Michael Gingold has been a member of the FANGORIA team for the past three decades. After starting as a writer for the magazine in 1988, he came aboard as associate editor in 1990 and two years later moved up to managing editor. He now serves as editor-in-chief of the magazine while continuing to contribute numerous articles and reviews, as well as a contributing editor/writer for this website.
“THE MORTAL INSTRUMENTS: CITY OF BONES” (Movie Review)Movies/TV,News,Reviews Michael Gingold
THE MORTAL INSTRUMENTS: CITY OF BONES is a movie that attempts to make voracious vampires and tentacle-sprouting demons safe for tween audiences. Which would be fine, if it had more to offer grown-ups, or indeed those who aren’t already fans of the book series whose first installment it is based on.
Speaking as one who’s never read Cassandra Clare’s young-adult saga, it comes as no surprise, based on the film’s content, that the author got started with Harry Potter fan fiction. THE MORTAL INSTRUMENTS: CITY OF BONES plays very much like a gender switch on the boy wizard, with a heavy dose of the “shipping” so popular among the fanfic crowd. The central romance between a human girl and a supernaturally handsome guy also calls TWILIGHT to mind, though fortunately, CITY OF BONES stars Lily Collins and Jamie Campbell Bower evince a little more personality and chemistry than Kristen Stewart and Robert Pattinson. In addition, director Harald Zwart and screenwriter Jessica Postigo Paquette have the good sense to punctuate the melodrama with occasional humor, some of it self-mocking. “Is this the part where you start tearing off your shirt to bind my wounds?” Collins’ Clary Fray asks Bower’s Jace after getting out of a scrape.
As the film opens, Clary is an apparently ordinary teenager living in a very Canadian-looking section of Brooklyn who has started to see (in her cappucino foam, among other places) and draw a mysterious symbol, cuing much concern from her mother Jocelyn (Lena Headey, underused). Before Jocelyn can reveal the secret she should have told Clary before, the girl witnesses the slaying of a demon in human form in a Manhattan nightclub (one that apparently has an open-door policy for under-18s), leading Clary to discover that she is descended from a race of Shadowhunters, part-angel beings devoted to fighting evil on Earth. After Jocelyn is abducted by a couple of nasty henchmen (familiar character actors Kevin Durand and Robert Maillet) and Clary survives an attack in her apartment by a nifty dog-octopus hybrid monster, Jace decides it’s time Clary join the Shadowhunters, over the objections of his best pal Alec (Kevin Zegers). Clary’s platonic-but-secretly-smitten best friend Simon (Robert Sheehan) is allowed to tag along, for comic relief, to be put in jeopardy and to form the third side of a love triangle between Clary and Jace.
There’s more to the story—a lot more, incorporating a crucial artifact called The Mortal Cup; a stronghold called The Institute, overseen by Shadowhunter leader Hodge (Jared Harris); an alternate dimension called Downworld; the outrageous “high warlock of Brooklyn” (model-turned-actor Godfrey Gao); Jocelyn’s boyfriend Luke (Aidan Turner), who’s got a lycanthropic secret; the sorceress who lives downstairs from Clary and Jocelyn (CCH Pounder); a villain named Valentine (Jonathan Rhys Meyers); and enough revelations about parentage and heritage to stock a trilogy of STAR WARS films. Perhaps this stuff flowed smoother on the page, but in this two-hour-and-change feature it’s explicated in torrents of exposition that render THE MORTAL INSTRUMENTS’ acronym extremely appropriate. More than once, Clary protests about how confused she is, and it’s hard not to relate, particularly during a climax that goes on forever, rewriting the rules and motivations to the point that it’s impossible to stay engaged with it.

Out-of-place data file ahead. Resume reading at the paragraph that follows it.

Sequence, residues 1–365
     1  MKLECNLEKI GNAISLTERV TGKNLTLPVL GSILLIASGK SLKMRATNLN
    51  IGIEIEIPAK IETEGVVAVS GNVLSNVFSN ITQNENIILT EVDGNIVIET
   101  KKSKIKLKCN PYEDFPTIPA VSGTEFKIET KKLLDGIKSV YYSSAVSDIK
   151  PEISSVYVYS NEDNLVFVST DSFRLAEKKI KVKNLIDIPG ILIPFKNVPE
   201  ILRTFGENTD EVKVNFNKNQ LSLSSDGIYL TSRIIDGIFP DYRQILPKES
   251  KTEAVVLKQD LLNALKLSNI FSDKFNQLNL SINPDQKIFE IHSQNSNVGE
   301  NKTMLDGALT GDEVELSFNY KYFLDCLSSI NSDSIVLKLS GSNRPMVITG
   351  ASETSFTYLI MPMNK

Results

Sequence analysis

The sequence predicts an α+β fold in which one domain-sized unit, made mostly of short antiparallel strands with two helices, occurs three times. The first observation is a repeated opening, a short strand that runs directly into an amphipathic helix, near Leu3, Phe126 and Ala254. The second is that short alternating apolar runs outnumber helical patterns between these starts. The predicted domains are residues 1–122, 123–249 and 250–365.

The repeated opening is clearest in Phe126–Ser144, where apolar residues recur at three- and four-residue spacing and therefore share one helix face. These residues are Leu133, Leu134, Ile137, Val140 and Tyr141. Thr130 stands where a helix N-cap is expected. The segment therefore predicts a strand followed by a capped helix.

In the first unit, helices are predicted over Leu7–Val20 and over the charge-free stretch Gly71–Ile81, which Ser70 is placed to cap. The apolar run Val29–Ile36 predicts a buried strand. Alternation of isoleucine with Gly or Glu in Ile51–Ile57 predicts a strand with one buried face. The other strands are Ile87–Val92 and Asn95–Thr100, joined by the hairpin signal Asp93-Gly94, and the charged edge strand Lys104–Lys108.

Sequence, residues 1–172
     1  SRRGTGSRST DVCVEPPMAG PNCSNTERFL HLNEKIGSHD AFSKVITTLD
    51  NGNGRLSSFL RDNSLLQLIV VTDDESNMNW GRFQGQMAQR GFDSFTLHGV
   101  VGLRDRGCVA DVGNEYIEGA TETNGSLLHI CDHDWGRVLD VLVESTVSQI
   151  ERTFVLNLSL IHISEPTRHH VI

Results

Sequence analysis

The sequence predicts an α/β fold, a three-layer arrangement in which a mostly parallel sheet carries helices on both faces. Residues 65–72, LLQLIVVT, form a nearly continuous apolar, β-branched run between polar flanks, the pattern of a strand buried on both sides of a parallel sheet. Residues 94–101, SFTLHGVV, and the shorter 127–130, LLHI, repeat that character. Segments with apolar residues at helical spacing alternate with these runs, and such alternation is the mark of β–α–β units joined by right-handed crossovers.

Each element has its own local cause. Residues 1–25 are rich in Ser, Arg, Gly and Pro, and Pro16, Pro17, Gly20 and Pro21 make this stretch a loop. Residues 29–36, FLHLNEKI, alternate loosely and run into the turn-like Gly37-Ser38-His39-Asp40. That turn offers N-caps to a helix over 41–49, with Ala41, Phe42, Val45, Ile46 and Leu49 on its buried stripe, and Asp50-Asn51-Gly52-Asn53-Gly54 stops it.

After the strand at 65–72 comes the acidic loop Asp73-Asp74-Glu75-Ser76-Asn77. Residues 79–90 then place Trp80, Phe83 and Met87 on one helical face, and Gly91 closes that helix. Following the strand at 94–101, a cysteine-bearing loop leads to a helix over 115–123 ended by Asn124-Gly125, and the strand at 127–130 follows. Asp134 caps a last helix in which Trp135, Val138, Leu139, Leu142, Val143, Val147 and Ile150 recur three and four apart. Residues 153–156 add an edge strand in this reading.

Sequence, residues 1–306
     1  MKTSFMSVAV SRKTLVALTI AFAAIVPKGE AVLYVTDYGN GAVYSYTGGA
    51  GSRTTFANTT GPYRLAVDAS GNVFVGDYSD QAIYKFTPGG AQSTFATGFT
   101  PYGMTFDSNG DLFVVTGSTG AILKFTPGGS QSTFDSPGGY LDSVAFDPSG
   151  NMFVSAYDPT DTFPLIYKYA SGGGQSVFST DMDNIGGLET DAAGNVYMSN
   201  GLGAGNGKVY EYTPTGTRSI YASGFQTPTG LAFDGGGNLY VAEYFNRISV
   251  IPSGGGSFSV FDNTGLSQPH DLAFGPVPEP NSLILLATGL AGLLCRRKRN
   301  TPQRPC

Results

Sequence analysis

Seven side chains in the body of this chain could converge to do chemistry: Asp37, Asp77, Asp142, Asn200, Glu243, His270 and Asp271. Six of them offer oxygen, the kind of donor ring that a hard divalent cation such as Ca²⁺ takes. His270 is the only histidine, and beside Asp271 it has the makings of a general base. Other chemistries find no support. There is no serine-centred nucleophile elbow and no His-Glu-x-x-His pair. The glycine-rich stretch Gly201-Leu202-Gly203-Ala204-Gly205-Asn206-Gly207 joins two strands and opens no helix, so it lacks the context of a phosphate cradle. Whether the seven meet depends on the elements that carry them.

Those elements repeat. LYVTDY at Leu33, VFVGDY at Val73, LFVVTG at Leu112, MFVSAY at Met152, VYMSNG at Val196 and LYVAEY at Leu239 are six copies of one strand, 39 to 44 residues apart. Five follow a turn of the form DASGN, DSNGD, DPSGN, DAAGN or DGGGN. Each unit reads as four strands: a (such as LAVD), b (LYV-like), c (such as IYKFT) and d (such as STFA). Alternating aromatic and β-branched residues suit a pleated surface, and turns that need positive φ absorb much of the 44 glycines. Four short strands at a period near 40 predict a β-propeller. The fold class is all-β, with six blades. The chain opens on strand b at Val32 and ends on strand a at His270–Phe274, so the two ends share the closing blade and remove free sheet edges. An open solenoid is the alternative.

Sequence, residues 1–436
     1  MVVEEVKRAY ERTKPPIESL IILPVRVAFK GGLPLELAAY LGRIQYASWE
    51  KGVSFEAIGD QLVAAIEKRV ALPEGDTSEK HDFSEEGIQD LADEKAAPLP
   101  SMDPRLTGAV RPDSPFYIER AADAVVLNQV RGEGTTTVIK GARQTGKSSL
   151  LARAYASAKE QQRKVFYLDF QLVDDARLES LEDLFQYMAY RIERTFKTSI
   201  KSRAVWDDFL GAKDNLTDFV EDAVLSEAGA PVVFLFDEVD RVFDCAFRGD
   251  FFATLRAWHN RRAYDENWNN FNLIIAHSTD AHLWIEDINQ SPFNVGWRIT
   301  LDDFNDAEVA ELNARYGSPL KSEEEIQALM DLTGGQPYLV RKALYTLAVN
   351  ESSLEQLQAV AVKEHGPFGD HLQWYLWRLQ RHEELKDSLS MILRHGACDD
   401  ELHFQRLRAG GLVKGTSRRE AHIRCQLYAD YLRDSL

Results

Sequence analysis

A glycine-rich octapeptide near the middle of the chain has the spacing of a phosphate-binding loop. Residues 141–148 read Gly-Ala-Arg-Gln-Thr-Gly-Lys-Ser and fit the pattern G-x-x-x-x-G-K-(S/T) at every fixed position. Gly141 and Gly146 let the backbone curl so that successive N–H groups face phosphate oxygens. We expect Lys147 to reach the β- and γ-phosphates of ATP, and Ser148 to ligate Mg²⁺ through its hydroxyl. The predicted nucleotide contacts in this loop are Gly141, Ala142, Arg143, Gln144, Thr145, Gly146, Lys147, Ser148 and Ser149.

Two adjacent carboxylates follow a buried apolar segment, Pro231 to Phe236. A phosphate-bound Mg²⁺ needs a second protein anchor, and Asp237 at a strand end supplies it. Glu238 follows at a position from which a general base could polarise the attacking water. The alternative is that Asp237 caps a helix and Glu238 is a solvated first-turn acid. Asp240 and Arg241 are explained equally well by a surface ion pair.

The rush to get from one action setpiece or explanatory scene to the next prevents CITY OF BONES from generating any true sense of awe or wonder, and for every good joke (a one-liner about zombies, a sight gag involving a portrait of Bach), there’s a moment where the film tips over into unintentional humor, particularly a bit involving Jace’s ring. The film does look great thanks to Geir Hartly Andreassen’s lush cinematography (it’s nice to see a modern dark fantasy that hasn’t had the colors leached out) and Francois Seguin’s production design, though when the locking mechanism on the Institute’s doors proves cooler than anything the characters get up to inside it, there’s something wrong. Genre fans may get a brief kick out of the monsters, also including fierce fire-and-brimstone creatures (which nonetheless prove strangely vulnerable to a flamethrower), but probably not enough of one to want to sit through all the lovey-dovey between Clary and Jace, most notably a clinch in a rooftop garden equipped with a Freudian sprinkler system.
Then there’s the simple fact that anyone inclined to catch THE MORTAL INSTRUMENTS: CITY OF BONES has undoubtedly seen much of it before, in many cases done better (there are echoes of BUFFY THE VAMPIRE SLAYER as well). It’s ironic that in fantasy, the genre with the most boundless opportunities for imagination and creativity, so much of the output in recent years should look and play the same.